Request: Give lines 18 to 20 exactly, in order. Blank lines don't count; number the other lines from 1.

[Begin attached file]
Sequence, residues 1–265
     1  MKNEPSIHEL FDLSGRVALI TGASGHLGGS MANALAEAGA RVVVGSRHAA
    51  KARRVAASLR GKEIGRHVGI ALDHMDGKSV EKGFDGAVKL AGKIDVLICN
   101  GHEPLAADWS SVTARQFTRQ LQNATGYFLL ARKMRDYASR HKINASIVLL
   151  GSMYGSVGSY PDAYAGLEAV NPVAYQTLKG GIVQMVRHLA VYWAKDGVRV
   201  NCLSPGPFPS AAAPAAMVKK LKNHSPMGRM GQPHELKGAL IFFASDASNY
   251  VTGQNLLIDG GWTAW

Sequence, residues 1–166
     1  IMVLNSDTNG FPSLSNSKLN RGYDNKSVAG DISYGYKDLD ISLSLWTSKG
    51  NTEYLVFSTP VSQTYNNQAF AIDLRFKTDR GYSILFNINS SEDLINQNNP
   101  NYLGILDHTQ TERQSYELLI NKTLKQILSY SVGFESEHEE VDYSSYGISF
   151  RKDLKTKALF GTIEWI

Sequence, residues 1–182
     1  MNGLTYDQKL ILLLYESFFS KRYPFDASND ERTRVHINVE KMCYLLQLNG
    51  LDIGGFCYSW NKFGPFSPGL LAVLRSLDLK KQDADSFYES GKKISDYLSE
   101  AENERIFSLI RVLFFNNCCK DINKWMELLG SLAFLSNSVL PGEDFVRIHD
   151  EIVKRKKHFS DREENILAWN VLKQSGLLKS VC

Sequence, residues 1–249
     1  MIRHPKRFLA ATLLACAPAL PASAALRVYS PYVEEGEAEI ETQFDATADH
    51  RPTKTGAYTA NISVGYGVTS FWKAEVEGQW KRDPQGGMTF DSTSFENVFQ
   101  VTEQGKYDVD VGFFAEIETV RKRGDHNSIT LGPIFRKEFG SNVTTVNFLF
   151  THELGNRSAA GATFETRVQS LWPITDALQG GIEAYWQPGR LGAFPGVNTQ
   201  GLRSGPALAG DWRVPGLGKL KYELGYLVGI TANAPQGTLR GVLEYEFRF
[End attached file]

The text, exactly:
Sequence, residues 1–249
     1  MIRHPKRFLA ATLLACAPAL PASAALRVYS PYVEEGEAEI ETQFDATADH
    51  RPTKTGAYTA NISVGYGVTS FWKAEVEGQW KRDPQGGMTF DSTSFENVFQ